|Home | About | Journals | Submit | Contact Us | Français|
Patients with comorbid medical and mental conditions are at risk for poor quality of care. With the anticipated expansion of Medicaid under health reform, it is particularly important to develop national estimates of the magnitude and correlates of quality deficits related to mental comorbidity among Medicaid enrollees.
For all 657,628 fee-for-service Medicaid enrollees with Diabetes during 2003-4, the study compared HEDIS diabetes performance measures (Hemoglobin A1C, eye exams, LDL screening, and treatment for nephropathy), and admissions for ambulatory care-sensitive admissions (ACSCs) between persons with and without mental comorbidity. Nested hierarchical models included individual, county and state-level measures.
A total of 17.8% of the diabetic sample had a comorbid mental condition. In adjusted models, presence of a mental condition was associated with a 0.83 (0.82 - 0.85) odds of obtaining 2 or more HEDIS indicators, and a 1.32 (1.29-1.34) increase in odds of one or more ACSC hospitalization Among those with diabetes and mental comorbidities, living in a county with a shortage of primary care physicians was associated with reduced performance on HEDIS measures; living in a state with higher Medicaid reimbursement fees and department of mental health expenses per client were associated both with higher quality on HEDIS measures and lower (better) rates of ACSC hospitalizations.
Among persons with diabetes treated in the Medicaid system, mental comorbidity is an important risk factor for both underuse and overuse of medical care. Modifiable county and state-level factors may mitigate these quality deficits.
Persons with comorbid chronic medical and mental conditions represent a priority population in US health care delivery, due to their high prevalence, costs, and potential deficits in quality of care.(1) Mental comorbidity is a particular concern among Medicaid recipients. Nearly half of disabled Medicaid recipients have one or more mental comorbid condition, and mental illness is the most prevalent group of comorbidities among high-cost enrollees.(2) With the anticipated Medicaid expansion under national health reform (3) it is a high priority to understand persons with mental comorbidity as a high-risk population within Medicaid.
Among chronic medical illnesses, diabetes is particularly important, both in and of itself, and as a tracer condition for understanding chronic care delivery more generally. (4, 5) In public sector samples, presence of comorbid mental disorders has been found to be a risk factor for reduced quality of diabetes care. (6-8) However, few data are available examining this relationship among Medicaid enrollees. Two studies of Medicaid enrollees in Massachusetts found that persons with a substance use diagnosis were significantly less likely to receive guideline-concordant care for diabetes (9) and have worse clinical outcomes (10) than other enrollees with diabetes. Two other studies examining subsets of persons with both diabetes and mental illnesses found low rates of performance for diabetes care within a California county (11) and among Maryland Medicaid enrollees. (12)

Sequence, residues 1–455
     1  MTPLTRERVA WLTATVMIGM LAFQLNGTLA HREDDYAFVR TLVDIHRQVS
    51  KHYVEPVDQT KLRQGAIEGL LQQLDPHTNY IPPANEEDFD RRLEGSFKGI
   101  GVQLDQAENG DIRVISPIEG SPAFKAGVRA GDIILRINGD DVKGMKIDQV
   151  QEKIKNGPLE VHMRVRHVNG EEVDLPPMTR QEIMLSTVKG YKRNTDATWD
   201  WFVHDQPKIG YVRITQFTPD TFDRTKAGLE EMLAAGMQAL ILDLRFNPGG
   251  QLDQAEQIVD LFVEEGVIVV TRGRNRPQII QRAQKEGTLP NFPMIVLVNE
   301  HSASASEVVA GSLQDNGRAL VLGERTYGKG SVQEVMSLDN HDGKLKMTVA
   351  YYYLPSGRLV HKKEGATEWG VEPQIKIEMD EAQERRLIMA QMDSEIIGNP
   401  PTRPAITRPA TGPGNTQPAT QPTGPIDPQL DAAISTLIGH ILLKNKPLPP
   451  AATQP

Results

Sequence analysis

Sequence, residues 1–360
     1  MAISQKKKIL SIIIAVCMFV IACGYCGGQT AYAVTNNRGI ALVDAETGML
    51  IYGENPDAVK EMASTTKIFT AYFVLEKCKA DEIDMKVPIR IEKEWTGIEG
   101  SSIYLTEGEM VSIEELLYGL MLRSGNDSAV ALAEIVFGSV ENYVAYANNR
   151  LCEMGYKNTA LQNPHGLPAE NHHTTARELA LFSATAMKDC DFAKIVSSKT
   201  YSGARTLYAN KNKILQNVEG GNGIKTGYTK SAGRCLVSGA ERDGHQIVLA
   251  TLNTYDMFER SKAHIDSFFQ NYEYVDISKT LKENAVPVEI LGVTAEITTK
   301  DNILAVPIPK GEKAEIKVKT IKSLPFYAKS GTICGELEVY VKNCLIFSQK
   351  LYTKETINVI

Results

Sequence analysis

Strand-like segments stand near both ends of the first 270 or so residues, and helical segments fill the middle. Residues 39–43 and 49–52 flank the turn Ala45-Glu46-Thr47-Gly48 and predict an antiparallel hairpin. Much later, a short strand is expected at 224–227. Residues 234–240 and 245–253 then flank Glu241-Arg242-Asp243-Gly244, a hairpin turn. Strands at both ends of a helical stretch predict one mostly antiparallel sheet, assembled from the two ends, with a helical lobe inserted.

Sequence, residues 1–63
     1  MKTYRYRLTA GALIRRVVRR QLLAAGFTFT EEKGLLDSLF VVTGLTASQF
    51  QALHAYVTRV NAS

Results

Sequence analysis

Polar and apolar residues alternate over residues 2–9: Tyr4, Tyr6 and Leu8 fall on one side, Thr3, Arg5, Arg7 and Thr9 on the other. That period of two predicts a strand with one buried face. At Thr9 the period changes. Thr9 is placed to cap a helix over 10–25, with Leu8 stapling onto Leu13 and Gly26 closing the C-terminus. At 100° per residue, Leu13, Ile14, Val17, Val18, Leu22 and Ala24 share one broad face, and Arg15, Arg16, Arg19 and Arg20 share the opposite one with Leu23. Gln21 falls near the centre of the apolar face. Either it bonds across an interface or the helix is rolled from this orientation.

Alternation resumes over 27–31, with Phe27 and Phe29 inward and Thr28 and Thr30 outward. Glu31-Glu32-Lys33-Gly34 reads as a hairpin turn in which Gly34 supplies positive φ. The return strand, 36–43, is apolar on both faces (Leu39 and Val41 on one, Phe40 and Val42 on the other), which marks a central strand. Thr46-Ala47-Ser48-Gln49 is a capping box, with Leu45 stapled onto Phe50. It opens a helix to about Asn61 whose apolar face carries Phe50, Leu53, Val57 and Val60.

Because Medicaid is jointly operated by the states and the federal government, there is considerable variation in patterns of service use across states.(13) Given this heterogeneity, national samples are needed both to provide generalizable information and to understand regional variations in use.(2) However, until recently, multistate Medicaid analyses were not feasible due to high cost and lack of standardization of data across states. The recent release of standardized 50-state Medicaid Analytic Extract (MAX) Files makes it possible, for the first time, to study the relationship impact of mental comorbidity on quality of diabetes in a national sample of Medicaid enrollees.
The primary source of data for the study was 2003-4 Medicaid Analytic eXtract (MAX) files, a set of data files on Medicaid eligibility, service utilization, and payments. The MAX data are extracted from the Medicaid Statistical Information System (MSIS). Data were extracted for all fee-for-service claims for non dual eligible enrollees aged 65 and younger. Persons 65 and over and other persons dually eligible for Medicare were excluded because they commonly have missing data for services billed to Medicare, particularly inpatient hospitalizations. (14)